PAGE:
Joseph Epstein writes:
The minor league for many of these older comedians, the place where they honed their skills, was the Borscht Belt in the Catskills, whose resort audiences of mostly New York Jews provided one of the most knowing and toughest of all audiences going, so tough that Joey Adams, quoted by Dauber, remarked that “when you bomb in the mountains, it’s like a concentration camp with sour cream.” (…)
Some things, inevitably, are more lightly touched than others. Talmudic humor is among them. The humor of Jewish intramural rivalry—the snobbery obtaining among Eastern, German, and Sephardic Jews—is another. All I remember from a novel read decades ago, whose title and author’s name are lost to me, is that what separates Sephardic Jews from all others, apart from their extravagant genealogical pretensions, is that no Sephardic Jew can stand gefilte fish. German Jews were known by Eastern Jews as yekkes, meaning jackets, or suit jackets, which German Jews in their formality were said never to remove. The stereotype made possible the joke that holds the difference between a yekke and a virgin is that a yekke remains a yekke.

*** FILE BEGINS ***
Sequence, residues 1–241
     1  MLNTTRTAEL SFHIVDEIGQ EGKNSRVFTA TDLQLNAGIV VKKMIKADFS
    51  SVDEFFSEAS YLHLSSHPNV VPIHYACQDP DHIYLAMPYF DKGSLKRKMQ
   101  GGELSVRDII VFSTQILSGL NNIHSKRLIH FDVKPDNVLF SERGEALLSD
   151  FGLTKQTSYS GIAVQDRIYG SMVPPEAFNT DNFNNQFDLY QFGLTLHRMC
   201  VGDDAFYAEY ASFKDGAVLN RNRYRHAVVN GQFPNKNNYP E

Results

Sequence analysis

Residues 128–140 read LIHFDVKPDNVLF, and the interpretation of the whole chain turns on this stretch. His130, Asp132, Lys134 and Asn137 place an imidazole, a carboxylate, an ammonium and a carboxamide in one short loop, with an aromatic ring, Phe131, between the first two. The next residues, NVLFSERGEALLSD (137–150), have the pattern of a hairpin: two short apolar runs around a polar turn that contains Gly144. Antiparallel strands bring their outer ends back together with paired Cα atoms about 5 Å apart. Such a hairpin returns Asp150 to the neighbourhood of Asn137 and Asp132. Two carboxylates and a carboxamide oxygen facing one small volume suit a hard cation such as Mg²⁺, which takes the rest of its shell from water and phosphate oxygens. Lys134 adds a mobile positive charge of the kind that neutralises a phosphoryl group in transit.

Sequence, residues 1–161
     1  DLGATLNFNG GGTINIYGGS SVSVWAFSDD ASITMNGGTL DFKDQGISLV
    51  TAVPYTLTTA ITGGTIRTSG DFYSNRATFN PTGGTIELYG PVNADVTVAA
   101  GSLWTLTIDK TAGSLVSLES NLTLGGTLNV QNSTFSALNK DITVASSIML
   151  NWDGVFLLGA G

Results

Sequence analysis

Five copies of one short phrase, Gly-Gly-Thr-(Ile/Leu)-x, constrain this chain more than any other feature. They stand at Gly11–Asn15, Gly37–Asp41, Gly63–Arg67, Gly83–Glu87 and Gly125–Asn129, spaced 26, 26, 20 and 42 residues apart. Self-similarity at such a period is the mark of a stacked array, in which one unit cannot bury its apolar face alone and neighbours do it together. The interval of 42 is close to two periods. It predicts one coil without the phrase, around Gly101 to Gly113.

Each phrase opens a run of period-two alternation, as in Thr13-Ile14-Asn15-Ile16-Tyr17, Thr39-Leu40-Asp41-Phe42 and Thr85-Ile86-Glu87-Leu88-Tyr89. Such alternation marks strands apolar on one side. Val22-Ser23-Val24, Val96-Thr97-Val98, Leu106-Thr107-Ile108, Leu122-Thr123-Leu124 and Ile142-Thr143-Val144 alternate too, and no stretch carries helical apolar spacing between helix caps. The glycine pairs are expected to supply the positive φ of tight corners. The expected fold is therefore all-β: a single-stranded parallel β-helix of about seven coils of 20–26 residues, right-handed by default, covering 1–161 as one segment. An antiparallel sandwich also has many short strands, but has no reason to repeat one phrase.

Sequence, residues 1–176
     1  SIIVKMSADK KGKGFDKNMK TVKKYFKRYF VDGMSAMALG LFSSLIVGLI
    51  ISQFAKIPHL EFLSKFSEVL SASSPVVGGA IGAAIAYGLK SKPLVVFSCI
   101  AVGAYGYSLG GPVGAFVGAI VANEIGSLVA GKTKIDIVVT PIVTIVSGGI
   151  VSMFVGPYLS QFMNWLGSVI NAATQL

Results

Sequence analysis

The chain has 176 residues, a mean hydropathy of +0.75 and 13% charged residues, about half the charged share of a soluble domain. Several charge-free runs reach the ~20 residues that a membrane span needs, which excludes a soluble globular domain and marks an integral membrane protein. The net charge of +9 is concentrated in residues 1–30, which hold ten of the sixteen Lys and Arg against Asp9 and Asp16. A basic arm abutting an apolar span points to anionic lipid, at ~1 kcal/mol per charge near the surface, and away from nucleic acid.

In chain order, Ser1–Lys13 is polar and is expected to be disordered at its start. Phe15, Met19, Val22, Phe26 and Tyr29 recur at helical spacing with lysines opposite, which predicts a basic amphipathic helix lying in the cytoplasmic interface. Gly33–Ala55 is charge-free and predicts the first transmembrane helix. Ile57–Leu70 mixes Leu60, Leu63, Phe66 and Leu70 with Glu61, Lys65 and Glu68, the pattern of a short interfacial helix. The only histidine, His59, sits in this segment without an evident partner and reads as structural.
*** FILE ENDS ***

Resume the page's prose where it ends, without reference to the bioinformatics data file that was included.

My favourite example of the “intramural rivalry” variety comes from a real life incident:
A very white-collar Jewish acquaintance of Ashkenazi descent began telling me a story about the time he was using a power tool.
Anticipating my surprise (“Jews don’t fix their own cars…”) he added, with perfect timing and a wry smile:
“Yeah — there was a Sephardic guy around and he started it up for me…”